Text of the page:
Hakai Magazine

This replica whale bone house on Cornwallis Island, Nunavut, shows how the homes were constructed hundreds of years ago. Photo by age fotostock/Alamy Stock Photo
This replica whale bone house on Cornwallis Island, Nunavut, shows how the homes were constructed hundreds of years ago. Photo by age fotostock/Alamy Stock Photo

Not Your Average Beach House

Forget rebar or prestressed lumber—the sea provides a bounty of alternative construction materials.

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by Amorina Kingdon

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When you live on the shore and the land can’t provide, you turn to the sea. Coastal dwellers know this well, and some have even brought the sea into their built environment. Whether due to a lack of terrestrial timber or an abundance of building blocks beneath the waves, humans from around the world have learned to make ingenious, reliable dwellings from surprising marine materials. Here are five coastal building materials that would not be, but for the sea.

Whale Bone

For hundreds of years starting in about 1000 CE, when the dark Arctic winters descended, the Thule people who lived across Alaska, Canada’s North, and Greenland took shelter in whale bone houses. These dramatic domed structures were built over a shallow pit paved with flat rocks. Sizes varied, but one house site measured about four meters in diameter. Up to 20 long whale bones, usually jaws, were used as rafters for the curved roof, supported by smaller rib and spine bones. Skin, sod, and wood were added on top, sealing out the elements. The Thule builders favored bowhead whale jawbones, which could be as long as four meters. They hunted bowheads and also salvaged bones from beached specimens. Today, the exact construction method remains a mystery, but computer models and life-size replicas illuminate how these structures may have looked.


Engineers and architects (not to mention Jesus) suggest building your house on rock, not sand. Residents of small South Pacific islands face a dilemma: their land consists almost entirely of sand. Luckily, tropical waters nurture an unexpected source of stone: vast coral reefs. As corals grow upward and outward, they lay down layers of calcium carbonate, which makes great stone. Houses on reef-rich islands around the world, from the South Pacific islands to the Bahamas, sport coral-stone foundations. But perhaps the most impressive coral-stone structure is Nan Madol, near the island of Pohnpei, Micronesia. This site, just 1.5 kilometers by 0.5 kilometers, is Venice-like with about 100 coral and basalt islets built on top of the underlying coral reef. Built between 1200 and 1500 CE, the site was the center of the Saudeleur dynasty, and the islets supported temples, houses, and tombs also constructed of basalt and corals.

Eelgrass Thatch

Before modern materials such as rebar and prestressed concrete, houses in Europe contained a lot of flammable materials such as wood and straw thatch, and the specter of catastrophic fire lurked in every hearth, candle, and lamp. But several hundred years ago, thanks to deforestation, the residents of the small Danish island of Læsø were forced to look beyond traditional thatch for homebuilding materials. They discovered eelgrass, a marine plant that was abundant around the island and was so fire-resistant that it rarely burned even when dry. Even better, the salty grass repelled vermin and lasted for decades. Soon, the island’s houses sported huge, shaggy roofs of silvery eelgrass thatch. The tradition waned in the 1930s after a seagrass disease reduced the meadows, and just a few original roofs remain. Today, Danish architects have resurrected the material, using dry-packed eelgrass as insulation in the roofs and walls of new dwellings on the island.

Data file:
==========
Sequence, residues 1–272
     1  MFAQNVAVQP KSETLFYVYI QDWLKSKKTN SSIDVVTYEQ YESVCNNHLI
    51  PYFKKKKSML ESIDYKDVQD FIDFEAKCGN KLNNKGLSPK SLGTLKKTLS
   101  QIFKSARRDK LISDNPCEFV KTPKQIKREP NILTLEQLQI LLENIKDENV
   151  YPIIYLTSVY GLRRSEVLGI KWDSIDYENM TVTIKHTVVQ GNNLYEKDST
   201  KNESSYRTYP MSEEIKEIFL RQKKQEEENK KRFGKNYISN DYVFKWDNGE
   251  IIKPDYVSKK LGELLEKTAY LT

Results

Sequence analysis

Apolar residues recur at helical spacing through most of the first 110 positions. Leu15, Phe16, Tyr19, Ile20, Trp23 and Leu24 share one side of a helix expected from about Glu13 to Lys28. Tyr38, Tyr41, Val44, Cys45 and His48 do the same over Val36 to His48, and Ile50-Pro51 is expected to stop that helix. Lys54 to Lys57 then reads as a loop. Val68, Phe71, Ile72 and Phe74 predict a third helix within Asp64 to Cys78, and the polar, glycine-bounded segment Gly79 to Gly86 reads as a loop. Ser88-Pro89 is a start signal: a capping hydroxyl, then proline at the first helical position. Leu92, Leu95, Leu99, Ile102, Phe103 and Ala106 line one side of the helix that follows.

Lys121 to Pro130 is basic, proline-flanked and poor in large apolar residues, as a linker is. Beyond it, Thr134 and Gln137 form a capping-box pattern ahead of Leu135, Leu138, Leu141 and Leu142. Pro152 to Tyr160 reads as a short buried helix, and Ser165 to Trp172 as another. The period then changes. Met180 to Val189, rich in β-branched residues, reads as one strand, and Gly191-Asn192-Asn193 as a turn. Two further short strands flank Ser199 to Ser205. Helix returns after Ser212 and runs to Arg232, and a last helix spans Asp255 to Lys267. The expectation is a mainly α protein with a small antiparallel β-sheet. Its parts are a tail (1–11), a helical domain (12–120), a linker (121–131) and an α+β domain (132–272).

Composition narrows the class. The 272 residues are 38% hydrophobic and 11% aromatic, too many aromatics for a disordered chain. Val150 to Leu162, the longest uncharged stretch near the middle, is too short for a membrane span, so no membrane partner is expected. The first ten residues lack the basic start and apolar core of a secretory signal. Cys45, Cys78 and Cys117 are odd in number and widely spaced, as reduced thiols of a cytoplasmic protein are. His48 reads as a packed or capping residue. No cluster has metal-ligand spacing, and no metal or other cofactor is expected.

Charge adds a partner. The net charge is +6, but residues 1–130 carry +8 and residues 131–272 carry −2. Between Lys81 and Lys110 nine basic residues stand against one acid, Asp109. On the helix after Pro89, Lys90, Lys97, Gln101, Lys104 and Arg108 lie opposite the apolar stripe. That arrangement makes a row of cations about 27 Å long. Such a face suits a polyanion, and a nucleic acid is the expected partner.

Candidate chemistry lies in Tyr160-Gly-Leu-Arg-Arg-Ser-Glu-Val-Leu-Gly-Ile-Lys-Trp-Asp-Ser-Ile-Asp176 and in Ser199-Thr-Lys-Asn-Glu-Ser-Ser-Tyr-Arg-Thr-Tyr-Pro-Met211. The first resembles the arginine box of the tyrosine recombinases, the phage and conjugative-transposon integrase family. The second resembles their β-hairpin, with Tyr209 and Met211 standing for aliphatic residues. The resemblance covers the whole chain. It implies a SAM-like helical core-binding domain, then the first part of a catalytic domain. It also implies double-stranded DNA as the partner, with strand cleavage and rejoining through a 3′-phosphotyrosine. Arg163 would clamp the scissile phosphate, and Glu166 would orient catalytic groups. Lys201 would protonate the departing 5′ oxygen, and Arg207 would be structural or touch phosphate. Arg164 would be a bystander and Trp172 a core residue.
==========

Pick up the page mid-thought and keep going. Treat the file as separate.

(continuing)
All oceans carry things between distant coasts on their long currents, often surprising the residents of one shore with treasures from another. In the Arctic, where thousands of kilometers of shoreline are well beyond the treeline, driftwood is one such treasure—Siberian pines appear in barren Greenland; North American poplars wash up on Svalbard, Norway. Big rivers such as the Mackenzie, in Canada’s North, also sluice logs from inland forests to the nearly treeless coast. The Inuvialuit of the western Arctic used driftwood for houses from about 1500 to 1900 CE. They set four or five strong posts in the corners to create a central square space and braced narrower, longer driftwood logs against them to create walls or sloping roofs over adjacent alcoves. With these alcoves, the finished house was often cruciform (cross shaped). More driftwood and sod completed the ceiling, and planks made of driftwood lined the floor. The first driftwood log house to be found intact was excavated by archaeologists in 2014. It was from a long-abandoned summer beluga-hunting camp near Tuktoyaktuk, Northwest Territories, where the Mackenzie meets the Arctic Ocean.


The world pours about 10 billion tonnes of concrete each year. Ingredients vary from place to place, but the principal materials remain the same: small chunks of rock, such as gravel or ground-up stone, bound together by a matrix. That matrix is often cement made from calcium-rich rocks, such as limestone and chalk. Since that calcium comes from tiny shells of the ocean creatures that formed the rock millions of years ago, most cement technically comes from the sea, but some builders shorten the cycle and go right to the source: seashells. In colonial America, so-called “tabby concrete” was made from burning oyster shells to create lime and then mixing it with ash, sand, and rock. Today, in places such as India and Madagascar, residents still burn seashells in huge wooden kilns to make lime, which they use to reinforce their houses.